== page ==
The insertion member 28, which is also referred to as a first member for simplicity, is also a generally hollow cylindrical member including a body that defines an elongated lumen 30 through the center thereof, a distal end 54, and a substantially round aperture 42 formed approximately centrally through the distal end. The proximal end of the insertion member 28 includes an interconnection component 46 (e.g., external threading) that is complementary to a first receptacle 26 (which includes, e.g., internal threading) and configured to interconnect therewith. The lumen 30 is configured to receive a gasket 32. The distal end aperture 42 is configured to facilitate the insertion of a catheter tube 58 therethrough.
The lock washer 60 and gasket 32 are disposed within the lumen 30 of the insertion member 28 and are held into place by the interconnection of the insertion member 28 with the center member 24. In order to interconnect the center member 24 and the insertion member 28, the interconnection component 46 of the insert member 28 is inserted into and engaged by the receptacle 26 of the distal end of the center member 24.
With reference to
Referring now to
Each tube engagement flange 64A′, 64B′, 64C′, 64D′ is a resilient member that includes a central tip 66A′, 66B′, 66C′, 66D′. Preferably, the central tips 66A-D′ are collectively configured to receive a catheter tube 58 (see
Webs 68′A, 68′B, 68°C, 68′D are collapsible, resilient elements which facilitate the transition of the tube engagement flanges 64A′, 64B′, 64C′, 64D′, and therefore the lock washer 60′, from the engaged state to the relaxed state following the release of a transverse load thereon. While the lock washer 60′ is in the engaged sate, as depicted in
Referring again to
With continued reference to
Although shown in use as a catheter connector, the invention may also be used to establish and maintain a fluidic connect between other types of tubes.
After being apprised of the devices according to the invention, methods of making them will become readily apparent to those of skill in the art. For instance, a lock washer can be made from a hypoallergenic, firm, resilient plastic material such as acrylonitrile butadiene styrene (ABS), acetyl, nylon, polycarbonate, polyesters, polyethylene, polypropylene, polystyrene, polysulfone, polyurethane, and polyvinyl chloride (PVC). Likewise, a cap, insertion member, and center member may be manufactured from similar materials and by methods which are readily apparent to those of skill in the art. The gasket can be made from a hypoallergenic, collapsible, resilient, low durometer elastomeric material such as a urethane.
Furthermore, the lock washer and connector assembly might otherwise be modified. For instance, in its relaxed state, the lock washer may have a substantially hemispherical appearance. The tube engagement flanges will typically number from three to eight per each lock washer. The connector disclosed herein will work with most types of catheters. The lock washer disclosed herein will work with most Tuohy-Borst catheter connectors. The size of the lock washer and connector will be chosen dependent on the size of the catheter. Typically however, for epidural applications, the lock washer has a diameter of less than about 1 cm and the catheter tube secured thereby has outer diameter of about one mm. As another example, an element other than the described cap, such as a LEUR LOCK™ syringe, may be joined to the connector.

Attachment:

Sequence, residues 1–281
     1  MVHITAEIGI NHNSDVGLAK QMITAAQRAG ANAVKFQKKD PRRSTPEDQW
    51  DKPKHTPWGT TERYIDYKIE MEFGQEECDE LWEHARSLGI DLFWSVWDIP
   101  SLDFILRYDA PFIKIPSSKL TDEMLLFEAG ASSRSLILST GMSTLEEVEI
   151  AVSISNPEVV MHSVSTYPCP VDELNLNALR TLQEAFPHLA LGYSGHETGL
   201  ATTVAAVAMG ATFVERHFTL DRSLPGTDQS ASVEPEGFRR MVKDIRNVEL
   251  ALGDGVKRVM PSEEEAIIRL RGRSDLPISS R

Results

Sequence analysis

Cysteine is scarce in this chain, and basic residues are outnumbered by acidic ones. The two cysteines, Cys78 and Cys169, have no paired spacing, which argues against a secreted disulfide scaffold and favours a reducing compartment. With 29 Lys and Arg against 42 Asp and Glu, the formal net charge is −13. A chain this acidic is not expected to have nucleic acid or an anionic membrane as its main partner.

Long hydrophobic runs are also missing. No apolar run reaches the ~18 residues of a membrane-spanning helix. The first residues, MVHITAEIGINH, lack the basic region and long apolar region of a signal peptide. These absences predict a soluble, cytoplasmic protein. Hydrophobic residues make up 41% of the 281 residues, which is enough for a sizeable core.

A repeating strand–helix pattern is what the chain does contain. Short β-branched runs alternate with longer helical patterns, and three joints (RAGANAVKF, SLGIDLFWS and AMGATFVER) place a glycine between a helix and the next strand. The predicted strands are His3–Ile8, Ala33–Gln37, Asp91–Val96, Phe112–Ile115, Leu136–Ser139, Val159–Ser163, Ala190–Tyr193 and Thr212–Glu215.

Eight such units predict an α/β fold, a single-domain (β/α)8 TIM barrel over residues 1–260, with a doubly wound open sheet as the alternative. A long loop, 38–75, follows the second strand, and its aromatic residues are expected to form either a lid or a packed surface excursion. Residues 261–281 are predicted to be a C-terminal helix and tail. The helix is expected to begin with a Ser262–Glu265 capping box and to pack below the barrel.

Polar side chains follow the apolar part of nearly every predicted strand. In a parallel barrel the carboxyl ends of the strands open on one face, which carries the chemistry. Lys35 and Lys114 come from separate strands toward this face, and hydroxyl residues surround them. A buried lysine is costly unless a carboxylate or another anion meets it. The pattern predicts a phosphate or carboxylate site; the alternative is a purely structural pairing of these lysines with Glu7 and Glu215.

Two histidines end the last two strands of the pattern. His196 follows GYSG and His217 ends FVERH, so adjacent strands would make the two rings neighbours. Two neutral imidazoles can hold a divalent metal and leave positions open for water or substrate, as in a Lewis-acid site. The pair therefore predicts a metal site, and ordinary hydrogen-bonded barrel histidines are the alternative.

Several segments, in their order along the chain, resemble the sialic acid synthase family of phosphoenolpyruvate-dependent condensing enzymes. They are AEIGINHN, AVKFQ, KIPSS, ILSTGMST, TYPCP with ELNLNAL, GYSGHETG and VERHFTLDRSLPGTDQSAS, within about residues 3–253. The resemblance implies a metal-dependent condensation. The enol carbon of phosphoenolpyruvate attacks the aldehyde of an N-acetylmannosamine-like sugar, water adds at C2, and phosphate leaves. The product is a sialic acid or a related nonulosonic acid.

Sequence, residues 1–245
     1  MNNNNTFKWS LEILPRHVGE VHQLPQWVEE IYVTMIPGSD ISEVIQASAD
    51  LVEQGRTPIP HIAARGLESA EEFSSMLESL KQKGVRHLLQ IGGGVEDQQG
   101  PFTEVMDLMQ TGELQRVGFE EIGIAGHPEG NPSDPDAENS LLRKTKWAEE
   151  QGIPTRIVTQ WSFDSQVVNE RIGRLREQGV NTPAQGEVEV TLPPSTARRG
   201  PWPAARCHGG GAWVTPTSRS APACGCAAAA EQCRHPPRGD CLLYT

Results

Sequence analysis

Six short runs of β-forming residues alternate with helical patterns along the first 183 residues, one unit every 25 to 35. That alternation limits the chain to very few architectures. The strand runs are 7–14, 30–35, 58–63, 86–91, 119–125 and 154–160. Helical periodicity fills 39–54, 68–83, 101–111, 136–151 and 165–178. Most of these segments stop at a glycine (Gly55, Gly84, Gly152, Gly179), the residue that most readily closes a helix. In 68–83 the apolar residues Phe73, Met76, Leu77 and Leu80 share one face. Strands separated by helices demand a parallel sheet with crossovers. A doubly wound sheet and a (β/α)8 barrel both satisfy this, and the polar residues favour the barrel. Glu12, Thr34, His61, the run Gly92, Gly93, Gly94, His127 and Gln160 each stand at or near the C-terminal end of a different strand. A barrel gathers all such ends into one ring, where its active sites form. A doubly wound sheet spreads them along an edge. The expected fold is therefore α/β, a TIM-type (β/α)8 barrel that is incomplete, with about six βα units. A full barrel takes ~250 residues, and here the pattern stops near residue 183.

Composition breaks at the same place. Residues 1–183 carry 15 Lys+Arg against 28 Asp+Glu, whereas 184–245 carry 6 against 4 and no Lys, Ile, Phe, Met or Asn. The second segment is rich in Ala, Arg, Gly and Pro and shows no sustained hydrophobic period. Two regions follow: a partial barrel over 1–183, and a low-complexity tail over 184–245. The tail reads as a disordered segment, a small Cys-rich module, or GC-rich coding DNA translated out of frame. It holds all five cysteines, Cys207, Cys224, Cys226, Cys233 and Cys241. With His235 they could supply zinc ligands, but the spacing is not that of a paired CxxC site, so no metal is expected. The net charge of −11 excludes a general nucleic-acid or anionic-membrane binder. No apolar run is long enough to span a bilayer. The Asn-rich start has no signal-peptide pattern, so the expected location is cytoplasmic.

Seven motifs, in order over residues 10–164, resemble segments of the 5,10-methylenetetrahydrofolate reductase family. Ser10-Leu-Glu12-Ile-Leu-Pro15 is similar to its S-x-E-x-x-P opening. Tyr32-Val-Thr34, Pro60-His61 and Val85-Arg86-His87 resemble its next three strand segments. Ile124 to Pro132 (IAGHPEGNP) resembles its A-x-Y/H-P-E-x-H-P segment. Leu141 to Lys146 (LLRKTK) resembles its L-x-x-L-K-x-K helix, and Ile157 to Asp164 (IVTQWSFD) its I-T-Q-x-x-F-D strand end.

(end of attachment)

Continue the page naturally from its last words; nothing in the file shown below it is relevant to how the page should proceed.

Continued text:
Although the invention has been described with regard to certain preferred embodiments, the scope of the invention is to be defined by the appended claims.
|Cited Patent||Filing date||Publication date||Applicant||Title|
|US2339549 *||Mar 6, 1941||Jan 18, 1944||Firestone Tire & Rubber Co||Resilient washer|
|US2950944 *||Mar 25, 1957||Aug 30, 1960||James J Cooney||Wheel bearing retaining means|
|US3449799 *||Jun 1, 1967||Jun 17, 1969||Chrysler Corp||Fastener for connecting apertured structure to another structure|
|US3561792 *||Jan 7, 1969||Feb 9, 1971||Super Sagless Spring Corp||Rivet pivoted members and washers therefor|
|US3920215 *||May 13, 1974||Nov 18, 1975||Knauf Dieter W||Valve|
|US4323065 *||Jan 17, 1980||Apr 6, 1982||Baxter Travenol Laboratories, Inc.||Attachable connector for catheter|
|US4568334 *||Apr 25, 1984||Feb 4, 1986||Lynn Lawrence A||Intravascular catheter preparation and dispensing container assembly|
|US4615692 *||Oct 7, 1985||Oct 7, 1986||Giacalone Joseph J||Portable female catheter|
|US4676530 *||Apr 7, 1983||Jun 30, 1987||Warner-Lambert Company||Coupling assembly for use in fluid flow systems|
|US4757662 *||Feb 9, 1987||Jul 19, 1988||G.B.R. Enterprises||Membrane roofing fastener|
|US4769017 *||Jan 29, 1987||Sep 6, 1988||Fath John J||Self-sealing infusion manifold and catheter connector|
|US4799845 *||May 18, 1987||Jan 24, 1989||Dunlop Construction Products Inc.||Means for attaching sheet material to a substrate|
|US4950255 *||Apr 7, 1988||Aug 21, 1990||I-Flow Corporation||Catheter connector and clamp|
|US5053015 *||Aug 30, 1989||Oct 1, 1991||The Kendall Company||Locking catheter adapter|
|US5188607 *||Nov 12, 1991||Feb 23, 1993||Thomas Wu||Valve catheter connector assembly|